A splendid spot. I went with three friends last night after reading nothing but rave reviews all over the internet. Don’t be intimidated by venturing into a different area of town. Angela’s is easy to find and a very quick ride from downtown. It’s a bit tricky to park close by (mostly resident), but you’ll be thankful for the walk back to your car after you eat the quantity of food that you ought to. Angela’s seats about 20-25 diners and, understandably, they like to take their time eating. After poking my head in to see what the story was, an older gentleman took my name and approximated that it would take around 25 minutes for a table of four. Having read that Angela’s closes at 9pm I was a bit concerned, but came to the conclusion that this meant they stopped seating at 9 rather than closed the kitchen at 9. So we hung out on the corner until our number was up (the restaurant is in a very residential part of town so you will have nothing to do but hang on the corner). It took a bit longer than expected (45 minutes or so), but when we were seated we were presented with a complimentary order of homemade chips and guacamole in apologies for the wait – unanimously the best guacamole we have had. Indeed, it was the first guacamole one of my fellow diners had ever enjoyed -absurdly creamy with a slight kick of lime and served in the molcajete it was made in.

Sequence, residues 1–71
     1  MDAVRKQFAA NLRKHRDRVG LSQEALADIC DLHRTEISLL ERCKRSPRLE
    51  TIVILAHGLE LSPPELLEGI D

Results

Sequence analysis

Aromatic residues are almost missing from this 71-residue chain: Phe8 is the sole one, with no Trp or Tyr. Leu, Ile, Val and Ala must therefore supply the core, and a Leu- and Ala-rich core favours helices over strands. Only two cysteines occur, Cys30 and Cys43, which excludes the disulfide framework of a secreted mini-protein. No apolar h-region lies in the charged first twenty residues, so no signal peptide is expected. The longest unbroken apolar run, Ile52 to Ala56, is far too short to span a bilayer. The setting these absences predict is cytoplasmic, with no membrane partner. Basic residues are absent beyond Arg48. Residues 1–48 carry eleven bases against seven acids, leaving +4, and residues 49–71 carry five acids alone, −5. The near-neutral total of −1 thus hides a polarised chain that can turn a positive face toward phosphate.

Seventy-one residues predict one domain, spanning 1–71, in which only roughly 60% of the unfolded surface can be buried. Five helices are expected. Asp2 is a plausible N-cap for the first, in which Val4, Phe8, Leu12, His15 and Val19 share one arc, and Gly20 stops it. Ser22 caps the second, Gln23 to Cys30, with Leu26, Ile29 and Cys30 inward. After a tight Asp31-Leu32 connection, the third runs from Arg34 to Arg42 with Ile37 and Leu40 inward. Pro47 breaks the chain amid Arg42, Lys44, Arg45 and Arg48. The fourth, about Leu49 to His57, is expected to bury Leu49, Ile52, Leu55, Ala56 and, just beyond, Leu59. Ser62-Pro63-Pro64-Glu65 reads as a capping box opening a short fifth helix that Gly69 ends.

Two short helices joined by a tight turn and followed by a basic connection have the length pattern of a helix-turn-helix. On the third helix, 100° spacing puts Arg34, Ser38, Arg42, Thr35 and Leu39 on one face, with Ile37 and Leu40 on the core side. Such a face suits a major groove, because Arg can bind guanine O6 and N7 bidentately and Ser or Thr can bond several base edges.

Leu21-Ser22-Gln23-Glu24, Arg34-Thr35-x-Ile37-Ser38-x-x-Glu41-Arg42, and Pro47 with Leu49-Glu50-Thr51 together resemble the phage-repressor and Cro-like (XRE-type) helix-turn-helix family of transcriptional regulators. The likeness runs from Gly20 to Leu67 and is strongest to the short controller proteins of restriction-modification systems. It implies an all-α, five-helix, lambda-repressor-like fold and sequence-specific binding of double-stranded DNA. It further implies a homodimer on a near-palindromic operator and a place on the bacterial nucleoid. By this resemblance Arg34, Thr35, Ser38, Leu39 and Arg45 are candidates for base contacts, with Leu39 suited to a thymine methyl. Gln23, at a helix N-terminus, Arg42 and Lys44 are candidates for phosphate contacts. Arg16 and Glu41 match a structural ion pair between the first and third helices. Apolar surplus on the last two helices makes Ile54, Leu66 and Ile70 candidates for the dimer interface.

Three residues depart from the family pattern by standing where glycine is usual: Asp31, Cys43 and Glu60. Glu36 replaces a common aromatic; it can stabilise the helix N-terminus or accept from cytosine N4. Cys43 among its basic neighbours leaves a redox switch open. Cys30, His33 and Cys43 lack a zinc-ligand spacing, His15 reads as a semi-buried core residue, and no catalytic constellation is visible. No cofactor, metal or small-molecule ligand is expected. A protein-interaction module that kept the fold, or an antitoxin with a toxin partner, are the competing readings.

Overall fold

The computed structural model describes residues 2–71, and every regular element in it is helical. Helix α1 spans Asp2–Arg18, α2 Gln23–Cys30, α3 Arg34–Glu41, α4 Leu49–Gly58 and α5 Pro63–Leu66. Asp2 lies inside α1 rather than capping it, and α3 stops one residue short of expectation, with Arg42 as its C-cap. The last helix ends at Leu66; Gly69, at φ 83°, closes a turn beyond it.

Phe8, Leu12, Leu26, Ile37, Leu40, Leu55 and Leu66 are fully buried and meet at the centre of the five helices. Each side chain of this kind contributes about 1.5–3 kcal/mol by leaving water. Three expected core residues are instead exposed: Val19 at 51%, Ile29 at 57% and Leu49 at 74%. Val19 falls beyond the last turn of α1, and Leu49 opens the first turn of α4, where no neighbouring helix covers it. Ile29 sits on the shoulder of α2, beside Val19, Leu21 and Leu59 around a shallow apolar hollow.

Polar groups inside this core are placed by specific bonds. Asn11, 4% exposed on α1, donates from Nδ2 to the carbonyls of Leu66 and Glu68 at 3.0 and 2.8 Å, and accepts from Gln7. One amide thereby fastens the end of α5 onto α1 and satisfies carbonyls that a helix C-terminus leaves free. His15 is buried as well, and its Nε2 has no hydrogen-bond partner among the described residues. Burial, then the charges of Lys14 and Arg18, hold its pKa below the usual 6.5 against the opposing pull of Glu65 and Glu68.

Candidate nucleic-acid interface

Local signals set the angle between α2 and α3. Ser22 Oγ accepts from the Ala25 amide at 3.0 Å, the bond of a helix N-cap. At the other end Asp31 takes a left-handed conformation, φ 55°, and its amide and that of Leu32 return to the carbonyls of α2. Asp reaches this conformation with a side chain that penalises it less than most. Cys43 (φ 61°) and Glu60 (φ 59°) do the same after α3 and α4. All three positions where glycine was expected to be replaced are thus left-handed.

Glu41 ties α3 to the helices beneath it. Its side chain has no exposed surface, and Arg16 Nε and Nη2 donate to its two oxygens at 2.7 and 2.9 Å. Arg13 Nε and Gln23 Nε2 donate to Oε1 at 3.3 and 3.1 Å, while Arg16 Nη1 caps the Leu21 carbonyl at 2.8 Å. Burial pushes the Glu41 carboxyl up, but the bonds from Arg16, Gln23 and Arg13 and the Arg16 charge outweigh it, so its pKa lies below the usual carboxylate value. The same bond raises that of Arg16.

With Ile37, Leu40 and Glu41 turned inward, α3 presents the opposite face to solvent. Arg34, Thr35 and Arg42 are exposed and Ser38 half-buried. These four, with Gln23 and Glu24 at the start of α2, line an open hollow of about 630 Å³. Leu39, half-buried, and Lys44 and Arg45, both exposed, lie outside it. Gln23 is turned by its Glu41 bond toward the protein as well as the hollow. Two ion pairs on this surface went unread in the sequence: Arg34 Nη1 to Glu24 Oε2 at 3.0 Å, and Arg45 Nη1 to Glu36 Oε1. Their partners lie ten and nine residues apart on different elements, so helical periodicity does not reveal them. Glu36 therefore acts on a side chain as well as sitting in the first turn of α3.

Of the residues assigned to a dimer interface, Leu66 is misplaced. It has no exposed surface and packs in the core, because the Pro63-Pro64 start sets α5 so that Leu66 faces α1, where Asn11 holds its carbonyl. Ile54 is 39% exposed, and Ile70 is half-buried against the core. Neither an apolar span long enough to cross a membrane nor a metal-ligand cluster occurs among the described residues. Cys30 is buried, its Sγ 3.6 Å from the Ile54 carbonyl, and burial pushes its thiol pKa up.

We started off with several smaller plates (tacos, gorditas, tostadas, etc..) all ranging from $2 – $4 each. The chorizo gorditas with queso fresco won the night in my opinion. A thick and chewy tortilla layered with red or green salsa (the waiter suggested the red because the green wasn’t “as good as usual”) and topped with either chorizo or chicken and chunks of queso fresco. This is not to disparage the taco al pastor or chicken tostada that I had, they were delicious as well. In all honesty, when you go you should have as many things as you can. Suck it up and put yourself in a food coma. It will be worth it, if only in retrospect, since unless you live in Eastie you probably won’t be going back every week.

The one thing you certainly should not miss is the mole (entrees go for around $12-$20). Hard to describe. Just know this: it takes a lot of effort and experience to make this sauce. The chef, Angela Atenco Lopez, cooked professionally in Puebla, according to The Globe, and has channeled all her expertise into this mole. Unfortunately, I don’t know that I can fully appreciate it yet. Right now, it just tastes really good to me, but I think it deserves more than that. It deserves a story, some sort of lore that lifts it to a mystical level. Maybe I’m exaggerating. But it is damn tasty. The meat it came over was a bit dry, but I didn’t particularly care. I finished off with a chocolate bread pudding. The gratuitous addition of an anglo dessert might compromise Angela’s authenticity to the observer, but it was yummy, so lay off. Next time I’ll have the flan.

I ordered strictly off the menu this time, but a chalkboard above the kitchen details daily specials and I’ll be sure to dig into those on the next visit. It’s hard to imagine anyone not enjoying their meal at Angela’s, and considering the cost, it’s one of the best values in the area that I know of. Go often.

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